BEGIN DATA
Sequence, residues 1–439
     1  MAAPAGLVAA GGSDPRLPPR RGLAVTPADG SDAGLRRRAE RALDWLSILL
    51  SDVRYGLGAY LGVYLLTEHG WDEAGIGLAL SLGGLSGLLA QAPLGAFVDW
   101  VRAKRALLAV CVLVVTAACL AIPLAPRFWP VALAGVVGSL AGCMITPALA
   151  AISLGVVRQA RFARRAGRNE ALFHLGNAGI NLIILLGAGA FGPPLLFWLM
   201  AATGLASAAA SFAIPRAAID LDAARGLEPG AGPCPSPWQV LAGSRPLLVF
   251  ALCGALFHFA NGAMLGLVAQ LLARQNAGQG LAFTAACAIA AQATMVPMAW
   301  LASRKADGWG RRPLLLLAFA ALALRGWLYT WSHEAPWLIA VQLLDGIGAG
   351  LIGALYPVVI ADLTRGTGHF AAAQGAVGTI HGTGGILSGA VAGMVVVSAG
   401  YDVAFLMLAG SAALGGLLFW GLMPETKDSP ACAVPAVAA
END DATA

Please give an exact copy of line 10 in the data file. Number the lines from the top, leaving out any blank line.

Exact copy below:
   401  YDVAFLMLAG SAALGGLLFW GLMPETKDSP ACAVPAVAA